U. of C. faculty raise concerns about plans for Obama Center in open letter

Staff Writer

Over 100 University of Chicago faculty members signed a petition expressing their concerns about the Obama Presidential Center in Jackson Park and have announced support of local organizations that are calling for community benefits agreement. The letter was made public on Monday, Jan. 8.

Faculty members outlined their views on the Obama Center through the petition. They argue that the Obama Center in its current form “will not provide the promised development or economic benefits to the neighborhoods,” because of the location of the Obama Center which will be near the Museum of Science and Industry and the University of Chicago.

The Obama Library South Side Community Benefits Agreement (CBA) Coalition is leading the charge for a written agreement with developers of the OPC, the Obama Foundation, the city of Chicago, the Chicago Park District and the University of Chicago, who proposed the center’s location on the South Side.

A CBA is a contract signed by community groups and a real estate developer that requires the developer to provide specific amenities and development to the local community or neighborhood.

Principles outlined by the Obama Library CBA would require that jobs be set-aside for people in the community, affordable housing and protection for homeowners, support and create black-owned businesses, and strengthen neighborhood schools.

Organizers through a CBA are attempting to get what the Obama Foundation has promised to the community in writing.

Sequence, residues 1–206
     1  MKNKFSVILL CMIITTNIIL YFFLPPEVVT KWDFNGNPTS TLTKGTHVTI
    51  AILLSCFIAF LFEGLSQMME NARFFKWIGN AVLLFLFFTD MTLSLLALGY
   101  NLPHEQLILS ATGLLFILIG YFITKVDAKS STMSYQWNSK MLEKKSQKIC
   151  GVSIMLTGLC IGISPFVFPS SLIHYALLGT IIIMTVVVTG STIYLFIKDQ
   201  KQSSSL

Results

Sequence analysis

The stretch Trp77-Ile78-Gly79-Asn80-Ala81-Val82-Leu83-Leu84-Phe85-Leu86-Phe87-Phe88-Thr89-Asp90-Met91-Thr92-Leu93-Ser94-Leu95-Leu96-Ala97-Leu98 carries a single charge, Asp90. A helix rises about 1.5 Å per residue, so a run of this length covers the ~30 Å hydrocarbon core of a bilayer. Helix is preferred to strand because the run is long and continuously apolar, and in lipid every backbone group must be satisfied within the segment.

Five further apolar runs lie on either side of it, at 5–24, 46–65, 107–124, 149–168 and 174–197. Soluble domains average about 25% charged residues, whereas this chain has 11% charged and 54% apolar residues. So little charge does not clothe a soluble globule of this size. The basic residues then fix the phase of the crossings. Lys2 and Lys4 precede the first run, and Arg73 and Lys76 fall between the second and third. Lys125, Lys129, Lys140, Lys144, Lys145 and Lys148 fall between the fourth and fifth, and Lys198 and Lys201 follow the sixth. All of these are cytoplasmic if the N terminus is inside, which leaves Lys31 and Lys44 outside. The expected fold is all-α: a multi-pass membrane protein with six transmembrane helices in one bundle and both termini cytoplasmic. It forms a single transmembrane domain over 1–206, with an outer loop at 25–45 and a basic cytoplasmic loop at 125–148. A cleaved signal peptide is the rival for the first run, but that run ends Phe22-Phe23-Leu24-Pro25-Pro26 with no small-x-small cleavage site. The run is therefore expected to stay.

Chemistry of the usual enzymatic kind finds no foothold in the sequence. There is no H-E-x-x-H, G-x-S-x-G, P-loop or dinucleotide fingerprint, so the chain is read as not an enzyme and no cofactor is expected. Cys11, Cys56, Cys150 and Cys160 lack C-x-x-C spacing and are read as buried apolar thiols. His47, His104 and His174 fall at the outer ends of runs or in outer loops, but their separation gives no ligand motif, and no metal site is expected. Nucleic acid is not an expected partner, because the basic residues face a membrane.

The two conflict because the Obama Foundation believes that it can meet the needs of the community without a CBA while organizers think a CBA is necessary and will be an added protection to ensure that the foundation honors its commitment.

“There is no available adjacent land in which to start a new business, set up a new café or restaurant, bring another cultural center to the neighborhood. It looks to many neighbors that the only new jobs created will be as staff to the Obama Center, hence the widespread support for a Community Benefits Agreement,” according to the petition.

The proposed site location for OPC is near 60th Street and Stony Island Avenue, which is right on the cusp of the entrance to Midway Plaisance Park at 59th Street, according to design plans released in May.

Other concerns expressed in the letter include transferring public parkland to a private entity “at a time of increasing complexity and pressure in urban life, Chicago should be dedicated to preserving our public parks as open areas for relaxation and play for all its citizens,” according to the petition.

The issue of accompanying roadway closures for the construction of the Obama Center was also mentioned in the petition.

“The planners also intend to close Cornell Avenue to traffic, thus making Stony Island Avenue the only major north-south thoroughfare on the South Side, other than the Interstate Highway. So every visitor who comes by car or by Metra will have to cross the busiest street on the South Side,” according to the petition.

The petition also made mention of the foundation’s proposal to add an above ground parking garage on the Midway. The Obama Foundation has since scrapped that plan due to opposition from the community. In a public announcement on Monday, Jan. 8, the foundation said a parking facility would be housed underground in Jackson Park instead of on the Midway.

Finally, U. of C. faculty is asking the Obama Foundation to consider an alternate site for the Obama Center: “We urge the Obama Foundation to explore alternative sites on the South Side that could be developed with more economic benefits, better public transportation, and less cost to taxpayers. We would be pleased to support the Obama Center if the plan genuinely promoted economic development in our neighborhoods and respected our precious public urban parks.”